Egg Drop Soup

Egg Drop Soup from L.A. are one of the many bands playing the first online Barnacle Banger.

COVID-19 has wreaked havoc on the live music scene, forcing it to adapt or die. Kylie Slabby, creator of Black Mold Booking, experienced this first-hand while trying to plan the fourth annual Barnacle Banger Festival on her own.

“It’s not happening in person anymore, but it was going to be in the biggest venue yet and all-ages, which I guess it’s still all-ages because it will be online,” she says with a laugh. “I’ve seen online stuff done before and I remembered that and I thought, maybe I shouldn’t cancel and just keep trying to pull this off.”

After deciding to move the July 18 festival online (streaming for free at location still to be determined), all the previously booked bands were happy to send in a video rather than perform live. It’s even a better option for Los Angeles-based band Egg Drop Soup, which will no longer have to make the trek to Tulsa. “They’re friends of mine. I love them so much, and I’m happy they’re going to be a part of it. I’m really excited for Tulsa to be introduced to them,” Slabby says.

That isn’t the only pro of the festival moving online; Slabby says it gives her space to make it bigger and better. She is still adding bands to the lineup, which includes locals like Graveyard Party and Slabby’s own Ramona and the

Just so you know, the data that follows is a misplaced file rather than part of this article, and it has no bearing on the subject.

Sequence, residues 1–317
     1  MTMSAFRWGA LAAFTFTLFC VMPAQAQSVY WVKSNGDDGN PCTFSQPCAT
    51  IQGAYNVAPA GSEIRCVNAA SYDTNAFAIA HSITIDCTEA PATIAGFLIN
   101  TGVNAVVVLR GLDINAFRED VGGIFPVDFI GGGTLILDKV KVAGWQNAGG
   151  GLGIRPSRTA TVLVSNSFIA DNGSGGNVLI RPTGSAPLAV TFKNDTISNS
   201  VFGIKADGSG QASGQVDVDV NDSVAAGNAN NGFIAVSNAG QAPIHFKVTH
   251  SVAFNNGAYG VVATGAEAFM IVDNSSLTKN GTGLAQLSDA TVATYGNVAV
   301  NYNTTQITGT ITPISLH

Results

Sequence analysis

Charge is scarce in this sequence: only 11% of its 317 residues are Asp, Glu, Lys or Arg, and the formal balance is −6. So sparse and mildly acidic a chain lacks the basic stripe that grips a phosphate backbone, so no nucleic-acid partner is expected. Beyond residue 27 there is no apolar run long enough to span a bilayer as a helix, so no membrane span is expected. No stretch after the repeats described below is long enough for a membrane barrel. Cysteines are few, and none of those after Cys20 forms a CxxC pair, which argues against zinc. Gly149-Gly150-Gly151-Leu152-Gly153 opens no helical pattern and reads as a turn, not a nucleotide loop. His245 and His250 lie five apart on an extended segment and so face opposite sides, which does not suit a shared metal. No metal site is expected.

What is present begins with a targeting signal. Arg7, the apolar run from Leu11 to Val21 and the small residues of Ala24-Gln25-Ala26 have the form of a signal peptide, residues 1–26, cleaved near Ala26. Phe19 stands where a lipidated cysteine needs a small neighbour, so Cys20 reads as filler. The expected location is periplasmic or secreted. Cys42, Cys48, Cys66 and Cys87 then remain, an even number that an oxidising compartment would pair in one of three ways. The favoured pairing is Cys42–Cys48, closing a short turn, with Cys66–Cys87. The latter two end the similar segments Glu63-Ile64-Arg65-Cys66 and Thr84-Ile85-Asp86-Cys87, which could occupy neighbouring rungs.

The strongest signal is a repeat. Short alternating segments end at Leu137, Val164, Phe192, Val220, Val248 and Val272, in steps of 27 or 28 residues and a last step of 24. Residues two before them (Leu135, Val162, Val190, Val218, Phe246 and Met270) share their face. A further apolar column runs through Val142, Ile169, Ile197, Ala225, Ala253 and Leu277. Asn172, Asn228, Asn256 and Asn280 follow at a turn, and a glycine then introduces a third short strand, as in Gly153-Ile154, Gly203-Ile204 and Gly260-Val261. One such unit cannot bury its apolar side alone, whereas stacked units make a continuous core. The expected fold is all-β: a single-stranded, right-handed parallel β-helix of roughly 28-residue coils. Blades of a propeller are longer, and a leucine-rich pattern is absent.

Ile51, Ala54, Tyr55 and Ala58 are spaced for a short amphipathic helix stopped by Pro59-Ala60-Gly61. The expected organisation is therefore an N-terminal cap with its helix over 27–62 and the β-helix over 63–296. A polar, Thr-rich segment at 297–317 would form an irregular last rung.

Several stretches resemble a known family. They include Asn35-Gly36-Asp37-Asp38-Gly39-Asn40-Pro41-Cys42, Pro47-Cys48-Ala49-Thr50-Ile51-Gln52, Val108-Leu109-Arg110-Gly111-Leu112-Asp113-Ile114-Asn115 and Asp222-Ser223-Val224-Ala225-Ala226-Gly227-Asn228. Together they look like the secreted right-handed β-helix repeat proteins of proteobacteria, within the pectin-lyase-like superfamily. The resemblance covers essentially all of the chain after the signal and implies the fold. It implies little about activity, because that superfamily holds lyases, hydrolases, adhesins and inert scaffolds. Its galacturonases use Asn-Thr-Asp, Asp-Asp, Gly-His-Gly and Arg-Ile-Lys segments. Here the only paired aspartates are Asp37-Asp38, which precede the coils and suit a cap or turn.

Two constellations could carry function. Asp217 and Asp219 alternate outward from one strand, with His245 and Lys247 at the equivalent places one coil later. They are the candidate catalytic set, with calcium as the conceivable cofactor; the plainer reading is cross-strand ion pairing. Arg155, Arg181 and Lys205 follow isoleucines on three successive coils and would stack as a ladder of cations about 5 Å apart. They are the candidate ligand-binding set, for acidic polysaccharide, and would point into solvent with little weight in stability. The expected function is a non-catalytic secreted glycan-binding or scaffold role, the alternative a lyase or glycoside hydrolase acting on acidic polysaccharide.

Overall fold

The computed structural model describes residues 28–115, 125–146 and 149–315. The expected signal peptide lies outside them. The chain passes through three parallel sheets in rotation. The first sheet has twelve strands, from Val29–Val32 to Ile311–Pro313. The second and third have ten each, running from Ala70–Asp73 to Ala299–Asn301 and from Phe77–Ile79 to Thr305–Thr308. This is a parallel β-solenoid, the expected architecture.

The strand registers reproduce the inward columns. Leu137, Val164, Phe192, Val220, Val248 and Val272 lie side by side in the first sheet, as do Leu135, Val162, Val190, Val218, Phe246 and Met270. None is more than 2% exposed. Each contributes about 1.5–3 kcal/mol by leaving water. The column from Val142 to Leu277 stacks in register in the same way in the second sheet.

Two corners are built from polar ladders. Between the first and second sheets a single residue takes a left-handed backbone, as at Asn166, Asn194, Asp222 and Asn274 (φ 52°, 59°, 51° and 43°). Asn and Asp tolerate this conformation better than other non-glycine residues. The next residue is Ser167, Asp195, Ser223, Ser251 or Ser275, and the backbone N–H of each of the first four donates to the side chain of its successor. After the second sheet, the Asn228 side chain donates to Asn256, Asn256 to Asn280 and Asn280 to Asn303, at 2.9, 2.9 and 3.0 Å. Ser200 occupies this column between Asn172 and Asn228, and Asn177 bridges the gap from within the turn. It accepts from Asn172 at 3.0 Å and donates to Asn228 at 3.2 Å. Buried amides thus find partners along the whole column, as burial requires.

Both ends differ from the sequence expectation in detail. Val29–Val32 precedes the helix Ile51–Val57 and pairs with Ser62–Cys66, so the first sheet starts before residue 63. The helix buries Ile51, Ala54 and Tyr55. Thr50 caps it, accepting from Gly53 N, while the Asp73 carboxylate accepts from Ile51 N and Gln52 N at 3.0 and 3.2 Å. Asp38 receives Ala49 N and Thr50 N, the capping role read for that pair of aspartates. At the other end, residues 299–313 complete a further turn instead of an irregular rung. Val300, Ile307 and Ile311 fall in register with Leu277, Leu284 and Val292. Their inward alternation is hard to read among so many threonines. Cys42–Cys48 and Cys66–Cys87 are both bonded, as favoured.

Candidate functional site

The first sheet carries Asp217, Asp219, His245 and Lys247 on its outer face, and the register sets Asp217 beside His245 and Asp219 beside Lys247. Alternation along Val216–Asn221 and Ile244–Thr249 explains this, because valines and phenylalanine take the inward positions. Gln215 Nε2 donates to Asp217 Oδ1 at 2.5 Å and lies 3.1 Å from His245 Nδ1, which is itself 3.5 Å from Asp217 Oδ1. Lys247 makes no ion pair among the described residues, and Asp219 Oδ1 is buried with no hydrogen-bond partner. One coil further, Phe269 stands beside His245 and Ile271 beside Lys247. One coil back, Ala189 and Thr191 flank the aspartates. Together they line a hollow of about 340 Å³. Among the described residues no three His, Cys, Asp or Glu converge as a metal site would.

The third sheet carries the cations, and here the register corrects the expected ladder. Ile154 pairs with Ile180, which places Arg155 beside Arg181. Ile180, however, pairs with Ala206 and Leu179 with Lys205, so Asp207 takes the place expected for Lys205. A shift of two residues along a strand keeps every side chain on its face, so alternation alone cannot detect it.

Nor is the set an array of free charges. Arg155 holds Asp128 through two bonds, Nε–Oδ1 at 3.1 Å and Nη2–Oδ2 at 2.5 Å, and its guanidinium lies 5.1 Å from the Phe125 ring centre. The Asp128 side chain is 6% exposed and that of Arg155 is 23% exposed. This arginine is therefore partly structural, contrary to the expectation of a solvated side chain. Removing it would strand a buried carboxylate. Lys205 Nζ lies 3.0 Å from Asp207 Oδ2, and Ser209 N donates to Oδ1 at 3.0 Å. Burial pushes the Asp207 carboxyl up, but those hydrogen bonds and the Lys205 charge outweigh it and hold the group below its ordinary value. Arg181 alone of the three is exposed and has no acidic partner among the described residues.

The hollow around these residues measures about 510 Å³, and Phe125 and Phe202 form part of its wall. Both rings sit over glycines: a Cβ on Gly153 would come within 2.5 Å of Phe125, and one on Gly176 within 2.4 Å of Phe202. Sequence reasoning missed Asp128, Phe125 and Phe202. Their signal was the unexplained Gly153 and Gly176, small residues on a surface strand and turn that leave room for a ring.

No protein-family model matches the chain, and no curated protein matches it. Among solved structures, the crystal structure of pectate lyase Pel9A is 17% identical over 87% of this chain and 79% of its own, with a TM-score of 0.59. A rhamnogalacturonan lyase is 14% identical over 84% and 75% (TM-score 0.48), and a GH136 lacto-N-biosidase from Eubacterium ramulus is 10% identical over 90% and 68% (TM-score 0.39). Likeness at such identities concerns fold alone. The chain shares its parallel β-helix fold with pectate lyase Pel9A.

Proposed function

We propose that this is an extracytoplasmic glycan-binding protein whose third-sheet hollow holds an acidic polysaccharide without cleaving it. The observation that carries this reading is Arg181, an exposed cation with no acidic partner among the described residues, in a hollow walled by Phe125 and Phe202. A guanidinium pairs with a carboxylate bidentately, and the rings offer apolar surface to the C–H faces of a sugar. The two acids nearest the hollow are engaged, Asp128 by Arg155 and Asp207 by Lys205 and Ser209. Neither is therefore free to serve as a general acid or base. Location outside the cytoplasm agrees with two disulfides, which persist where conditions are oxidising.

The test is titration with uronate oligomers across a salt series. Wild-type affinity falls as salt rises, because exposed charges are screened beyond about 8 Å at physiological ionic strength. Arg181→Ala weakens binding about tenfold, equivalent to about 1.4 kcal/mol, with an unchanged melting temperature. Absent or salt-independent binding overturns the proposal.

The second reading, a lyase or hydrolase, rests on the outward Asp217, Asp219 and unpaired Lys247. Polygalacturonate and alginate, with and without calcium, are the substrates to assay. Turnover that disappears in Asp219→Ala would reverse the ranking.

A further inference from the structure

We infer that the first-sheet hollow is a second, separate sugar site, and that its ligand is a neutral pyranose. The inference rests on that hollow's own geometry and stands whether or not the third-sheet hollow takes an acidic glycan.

Phantoms, as well as out-of-towners Remains to be Seen and Kill Vargas from Wichita, Kansas. The genres of music performed will span the spectrum, including electro-pop, rock and acoustic.

Since bands are submitting their own performance videos, there is space for them to show personality and a different side of themselves. Viewers can see what their practice spaces are like, for example. 

“I think it’ll be cool and different because I don’t know what kind of sets bands are going to submit. It might be more acoustic or like a different style, or it might be how they normally play,” Slabby says. “So it’s definitely going to be a lot more unique.”

Slabby is excited to see how the festival takes shape for its first year online. She’s also proud to put on the festival for another year all on her own. 

“When you put on something successful it just feels really good afterward,” she says. “I’ve met so many bands and people across the country because of it — people who are my friends to this day. People who have helped me when I go on tour with my band, so it’s really cool to have that.

“I’m just looking forward to continuing. Not giving up. It’ll be nice to have another year I can say that I’ve done it.”


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